What You Should Know About Uber’s User Agreement
If you aren’t reading the terms and conditions you may want to start now. Uber is one of the many companies who make users waive their rights to bring the company to court.
There’s been many lawsuits brought against Uber within the past year ranging from surge prices, driver tips and compensation, and airport/toll surcharges. The courts have sided with Uber, although many have argued that the ride sharing company is deceiving it’s customers by obscuring it’s terms and conditions.
The latest lawsuit comes from Boston riders for charging them an $8.75 airport ride fee when the airports fee is only $3.25. The district court ruled in Uber’s favor back in 2016 because riders had agreed to Uber’s terms and conditions. Uber argued they, “reasonably communicated notice of terms, coupled with an opportunity to review those terms via hyperlink…” Whether the rider “bothers to access and read those terms is irrelevant.”
By signing up for Uber and accepting the terms and conditions riders are waiving their right to bring a class action lawsuit against the company and are agreeing to resolve any issues outside of court. The Boston user’s are now appealing the courts decision.
Google Doc Phishing Campaign
Many users fell victim to a Google Doc phishing campaign which requested full privileges to their Google account. The email impersonated a Google Doc invitation from someone they user knew, with a link to view it. The link takes you to a legitimate account screen which lists all your google accounts. Once you choose which account you want to use to view the document, it redirects you to a permissions page requesting full access for the service called, “Google Docs.”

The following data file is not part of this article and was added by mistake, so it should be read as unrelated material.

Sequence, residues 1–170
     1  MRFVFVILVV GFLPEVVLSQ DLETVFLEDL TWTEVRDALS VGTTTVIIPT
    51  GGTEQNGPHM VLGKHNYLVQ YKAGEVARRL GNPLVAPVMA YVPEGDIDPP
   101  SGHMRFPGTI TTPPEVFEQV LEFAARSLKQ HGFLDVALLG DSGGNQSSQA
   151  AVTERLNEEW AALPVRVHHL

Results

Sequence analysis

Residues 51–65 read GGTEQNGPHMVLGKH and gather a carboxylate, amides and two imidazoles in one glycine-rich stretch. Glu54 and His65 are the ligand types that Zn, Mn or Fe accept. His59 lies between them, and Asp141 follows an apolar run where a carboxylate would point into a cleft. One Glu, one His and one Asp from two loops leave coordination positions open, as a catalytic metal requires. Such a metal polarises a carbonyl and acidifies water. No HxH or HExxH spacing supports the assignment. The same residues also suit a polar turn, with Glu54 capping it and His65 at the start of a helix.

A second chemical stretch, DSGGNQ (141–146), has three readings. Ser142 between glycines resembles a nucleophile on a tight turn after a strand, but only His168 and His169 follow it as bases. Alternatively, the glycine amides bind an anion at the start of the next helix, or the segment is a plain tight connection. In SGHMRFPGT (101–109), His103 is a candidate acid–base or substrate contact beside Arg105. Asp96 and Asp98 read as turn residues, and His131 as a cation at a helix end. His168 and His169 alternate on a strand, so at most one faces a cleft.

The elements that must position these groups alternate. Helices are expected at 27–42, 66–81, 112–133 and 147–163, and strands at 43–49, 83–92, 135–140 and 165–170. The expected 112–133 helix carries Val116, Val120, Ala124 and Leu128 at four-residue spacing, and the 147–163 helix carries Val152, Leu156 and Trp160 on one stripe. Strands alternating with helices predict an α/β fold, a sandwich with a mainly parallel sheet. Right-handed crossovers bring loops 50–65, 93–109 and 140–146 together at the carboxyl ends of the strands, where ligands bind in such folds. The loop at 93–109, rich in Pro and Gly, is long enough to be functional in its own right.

Google quickly released a statement, “We have taken action to protect users against an email impersonating Google Docs and have disabled offending accounts. We’ve removed the fake pages, pushed updates through Safe Browsing, and our abuse team is working to prevent this kind of spoofing from happening again. We encourage users to report phishing emails in Gmail.”
If you received the Google Doc email (and didn’t find it suspicious that it was totally random) and fell victim to clicking the link (we know you did) the request for access should have alerted you it was a scam. The real Google Doc doesn’t request access to your Google account, it just redirects you to the doc. If you granted it permissions, go to the permissions page of your google account and revoke access to “Google Docs.” You should then change your passwords immediately and set up the safety features google recommends, like two-factor authentication.
This Bra Could Help Save the Boobies
Julián Ríos Cantú an 18 year-old Mexican was inspired to create Eva (Eh-Vah) after his mom battled breast cancer twice. The bra is equipped with tactile, temperature, and light sensors to detect breast color, texture, and temperature. Women would wear the bra 60-90 minutes a week. At the end of the week an app would generate a weekly report and send it to their doctor. The bra is currently a prototype and still needs to be tested to see if it could actually work.
Apple is Offering an Extended Warranty on Products
Apple Watch Gen 1 users have complained their watch batteries ballooned and displaced their screens. Apple has extended their warranty for an additional two years if repair or issues are related to the battery.
Apple also extended their iPad Pro Smart Keyboard warranty to an additional two years. The program applies to keyboards for the 9.7 and 12.9-inch iPad Pro. Customers were experiencing sticking keys, sensor issues, problems with magnetic connector, connection issues and unresponsive keys.
According to 9to5Mac, Apple sent a note to its retailers about the additional coverage. Users will also be issued refunds to customers that previously paid for replacement keyboard. No word on refunds for customers who paid repairs on their Apple Watch Gen 1.
Did we miss something we should’ve highlighted from last week? Let us know!